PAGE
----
HomeTechnologyTikTok Sues Montana, Calling State Ban Unconstitutional - UnlistedNews

TikTok Sues Montana, Calling State Ban Unconstitutional – UnlistedNews

TikTok filed a lawsuit Monday to stop Montana from banning the popular video app, stepping up its efforts to stop a ban that would be the first of its kind in the nation.

In a demand filed in the US District Court for the District of Montana, the company said the Montana law violated the First Amendment and parts of the US Constitution that limit state powers. The ban was to “unconstitutionally close the speech forum for all speakers on the app,” the company said in the lawsuit.

TikTok sued days after Montana Gov. Greg Gianforte signed the ban, which would fine the app if it operated in the state or fine app stores if they allowed it to be downloaded, signing it into law.

The state law has become a test case to determine whether it is possible to ban the use of TikTok, which is owned by Chinese internet company ByteDance, on national security grounds. The ban, which goes into effect Jan. 1, has already raised questions about how it would apply within Montana’s borders.

“We are challenging Montana’s unconstitutional ban on TikTok to protect our business and the hundreds of thousands of TikTok users in Montana,” Brooke Oberwetter, a spokeswoman for TikTok, said in a statement. “We believe our legal challenge will prevail based on an extremely strong set of precedents and facts.”

Emily Flower, a spokeswoman for Montana Attorney General Austin Knudsen, said, “We expected legal challenges and are fully prepared to defend the law that helps protect the privacy and security of Montanans.”

The lawsuit adds to those legal challenges. A group of TikTok users filed a separate lawsuit challenging the Montana bill on Wednesday, the day Gianforte signed it, saying it violated their First Amendment rights and exceeded the state’s legal authority. The law has also sparked an outcry from civil liberty and digital rights groups, including the American Civil Liberties Union and Columbia University’s Knight First Amendment Institute.

TikTok, which has more than 150 million users in the US, has been in limbo under two presidential administrations as it worked to calm concerns about its Chinese ownership. The company, which has been waiting for the Biden administration to approve its plan to operate in the United States, has already faced bans from government devices in more than two dozen states, as well as from universities and the military.

The Montana ban was written by Mr. Knudsen, a Republican, and introduced by a Republican state senator this year. State lawmakers said the ban would prevent the Chinese government from accessing Montanans’ personal information. The ban debate began shortly after a Chinese spy balloon floated over the state, drawing national attention.

The new law will prevent TikTok from operating the app in the state. App store operators such as Apple and Google will also be prohibited from making them available for download in the state. TikTok, Apple and Google could face daily fines of $10,000 if they don’t comply.

In its lawsuit, TikTok said Montana lacked the legal authority to impose a ban because it would regulate interstate commerce, which is the purview of the federal government. The ban also violates a constitutional prohibition on legislation that targets an individual or specific groups for punishment, the lawsuit argued.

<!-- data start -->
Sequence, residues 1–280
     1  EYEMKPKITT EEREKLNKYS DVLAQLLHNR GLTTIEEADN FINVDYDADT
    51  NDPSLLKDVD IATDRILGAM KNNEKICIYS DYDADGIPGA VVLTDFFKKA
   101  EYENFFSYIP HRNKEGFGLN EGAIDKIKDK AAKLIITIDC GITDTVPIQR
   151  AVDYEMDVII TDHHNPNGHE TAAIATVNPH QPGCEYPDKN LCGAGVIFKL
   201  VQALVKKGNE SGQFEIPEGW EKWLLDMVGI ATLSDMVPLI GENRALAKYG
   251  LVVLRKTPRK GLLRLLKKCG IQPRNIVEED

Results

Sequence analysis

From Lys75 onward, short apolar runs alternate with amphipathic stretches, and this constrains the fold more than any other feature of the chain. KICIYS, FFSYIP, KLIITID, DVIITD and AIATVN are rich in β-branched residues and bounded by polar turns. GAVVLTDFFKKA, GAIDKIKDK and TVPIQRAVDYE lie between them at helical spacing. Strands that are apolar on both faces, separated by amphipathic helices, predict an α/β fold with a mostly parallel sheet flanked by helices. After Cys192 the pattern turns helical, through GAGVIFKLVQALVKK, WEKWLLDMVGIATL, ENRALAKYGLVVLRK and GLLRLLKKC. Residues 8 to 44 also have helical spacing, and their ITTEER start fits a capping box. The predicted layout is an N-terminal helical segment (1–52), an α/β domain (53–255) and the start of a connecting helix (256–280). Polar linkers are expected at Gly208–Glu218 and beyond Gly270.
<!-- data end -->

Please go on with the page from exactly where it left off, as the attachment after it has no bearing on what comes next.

“TikTok’s ban singles out the TikTok app for this punishment, even though the data allegedly collected by the app is no different than data collected from any number of other sources and is widely available on the data broker marketplace. the company said. said in his complaint.

Critics of the ban believe it will be difficult to enforce even if the courts don’t block it. TikTok users in Montana could still use the app if they disguised their location using virtual private network software, while Montanans living in border cities can get Internet access through cell phone towers in other states. TechNet, a lobbying group representing Apple and Google, has said it’s impossible for app stores to restrict downloads to a single state.

Mr Knudsen’s office said last week that TikTok could enforce the ban with technology the online gambling industry already uses to block access to an app from a state where it is illegal.

Litigation over the ban could take months to resolve. Because the ban would not go into effect until next year, there is no immediate need for the courts to stop it from going into effect.

TikTok and its supporters have managed to use the courts to stop a previous ban in the United States. In 2020, TikTok sued the federal government when President Donald J. Trump used his emergency economic powers to issue an executive order to block the app from operating in the United States. One judge sided with the company, and another judge blocked the ban after a challenge from a group of creators.

TikTok has been banned in some countries, including India in 2020. Britain, Canada, and France recently banned the app on official government devices.

Sara Marcus
Sara Marcushttps://unlistednews.com
Meet Sara Marcus, our newest addition to the Unlisted News team! Sara is a talented author and cultural critic, whose work has appeared in a variety of publications. Sara's writing style is characterized by its incisiveness and thought-provoking nature, and her insightful commentary on music, politics, and social justice is sure to captivate our readers. We are thrilled to have her join our team and look forward to sharing her work with our readers.


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